Kara Goldin: Yeah. I tell entrepreneurs this all the time. And even if you can get receivables financing, I mean you’re not going to get receivables financing until you’ve got a few years under your belt. It’s just not going to happen, so I get it.
Dan Fleyshman: And what if your products hit water and it’s good and they reorder and you still haven’t paid yet? And then they reorder again a third time and you still haven’t paid for the first order. And then they reorder again and you haven’t been paid for the first order.
Kara Goldin: And no one tells you this, right?
Dan Fleyshman: No.
Kara Goldin: Yeah. So it’s the highs and the lows.
Dan Fleyshman: Yes. Even when you’re high, you don’t realize that you’re at low at the same time. So for those four years, we’ll go over that later, I guess, but that was the beverage world. And then that’s when I started the online poker site. What was crazy about that is it was the third biggest brand in the world. And then online poker was shut down in America. The number one and number two, they both got seized by the FBI. Billions of dollars were seized. It was called black Friday.
And so I didn’t get shut down, I didn’t get a knock on the door, but I willingly closed the company the same four day period because I was like, “I don’t know what’s going to happen here. And I want to be able to sleep at night.” So I paid back 41,000 people manually. Like I had my whole team manually paying everybody back. But that was the biggest wake-up call because I had lost my company overnight. Just coming and doing crazy revenue by myself. And so to me it’s still a failure. The scoreboard is the scoreboard. If you go back and look at it, whether it’s my competitors put me in this situation, it doesn’t matter. The government put me in the situation, the scoreboard is the scoreboard.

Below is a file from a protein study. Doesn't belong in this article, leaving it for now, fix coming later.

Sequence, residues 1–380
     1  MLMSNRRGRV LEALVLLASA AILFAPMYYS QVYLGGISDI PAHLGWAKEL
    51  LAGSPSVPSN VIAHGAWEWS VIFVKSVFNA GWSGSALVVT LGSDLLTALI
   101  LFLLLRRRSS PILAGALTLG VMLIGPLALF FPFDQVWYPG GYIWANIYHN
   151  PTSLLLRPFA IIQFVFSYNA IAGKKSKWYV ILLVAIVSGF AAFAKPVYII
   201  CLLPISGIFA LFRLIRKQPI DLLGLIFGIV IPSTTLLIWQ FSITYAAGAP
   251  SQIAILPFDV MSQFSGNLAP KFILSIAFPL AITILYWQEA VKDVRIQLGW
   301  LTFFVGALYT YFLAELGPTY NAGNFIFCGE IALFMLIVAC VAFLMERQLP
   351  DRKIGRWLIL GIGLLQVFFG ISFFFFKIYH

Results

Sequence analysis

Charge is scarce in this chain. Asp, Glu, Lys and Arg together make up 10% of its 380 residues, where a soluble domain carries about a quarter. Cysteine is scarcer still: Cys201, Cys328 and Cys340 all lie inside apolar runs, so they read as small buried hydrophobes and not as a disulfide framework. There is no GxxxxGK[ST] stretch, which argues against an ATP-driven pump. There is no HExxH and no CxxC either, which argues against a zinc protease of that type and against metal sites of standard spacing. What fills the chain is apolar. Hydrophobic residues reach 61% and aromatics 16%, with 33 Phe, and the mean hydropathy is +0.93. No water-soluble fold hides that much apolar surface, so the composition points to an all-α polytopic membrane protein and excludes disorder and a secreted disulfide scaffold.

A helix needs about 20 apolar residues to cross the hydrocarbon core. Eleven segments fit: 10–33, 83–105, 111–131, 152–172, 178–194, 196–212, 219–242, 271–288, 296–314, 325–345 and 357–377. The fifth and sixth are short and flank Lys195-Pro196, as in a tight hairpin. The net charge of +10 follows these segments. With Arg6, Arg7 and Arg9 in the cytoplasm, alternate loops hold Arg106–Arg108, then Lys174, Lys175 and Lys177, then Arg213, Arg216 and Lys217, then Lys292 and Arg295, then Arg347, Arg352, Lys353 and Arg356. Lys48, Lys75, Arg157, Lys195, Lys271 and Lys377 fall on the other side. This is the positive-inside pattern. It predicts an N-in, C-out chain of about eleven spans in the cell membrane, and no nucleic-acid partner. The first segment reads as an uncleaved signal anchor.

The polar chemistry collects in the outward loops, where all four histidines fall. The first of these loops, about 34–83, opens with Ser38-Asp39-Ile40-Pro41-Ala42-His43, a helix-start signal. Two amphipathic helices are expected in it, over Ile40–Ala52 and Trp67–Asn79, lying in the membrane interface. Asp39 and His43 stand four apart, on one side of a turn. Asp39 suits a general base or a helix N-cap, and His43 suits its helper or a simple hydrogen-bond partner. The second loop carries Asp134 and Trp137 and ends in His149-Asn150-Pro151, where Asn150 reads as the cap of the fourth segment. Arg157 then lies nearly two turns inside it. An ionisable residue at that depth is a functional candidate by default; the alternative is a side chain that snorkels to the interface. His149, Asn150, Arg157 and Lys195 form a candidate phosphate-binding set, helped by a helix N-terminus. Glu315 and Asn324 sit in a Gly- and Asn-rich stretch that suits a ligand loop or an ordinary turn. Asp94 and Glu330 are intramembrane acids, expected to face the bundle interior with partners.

So that was the biggest wake up call. And that’s when I decided I was never going to have all my eggs in one basket again. That’s when I became an angel investor. That’s when I started the social media agency. That’s when I started the charity. All of it happened in the same few months. So from the worst business moment in my life came all the, I guess, best things.
Kara Goldin: That’s awesome. Well, I think what you describe is what great entrepreneurs talk about and oftentimes no one can actually share that advice to you. You can give that advice to people and so often it goes in one ear and out the other, right? But you lived through it, right? And I mean, I tell people all the time, the smartest thing for any entrepreneur, whether you’re in a beverage business or clothing business or beauty businesses is to get into one outlet and then clap your hands, have a drink, whatever you need to do in order to celebrate that. Then get into as many other places as possible where you can really service the brand and it makes sense for the brand, but then also expand so that you don’t have too much weight in any one thing.
Dan Fleyshman: Absolutely.
Kara Goldin: So I think it’s a huge thing. And frankly with funding, too, I think it’s the exact same situation. It’s like you don’t want one bank or one investor.
Dan Fleyshman: Or one retailer.
Kara Goldin: Or one retailer. It’s the exact same lessons learned along the way. That’s great. So I read that you orchestrated more than $68 million in deals between brands and social media influencers with your company. I’d love to hear more about that. I mean it sounds like it was all part of the journey of you going and starting it and progression of it, but I’d love to hear more about that.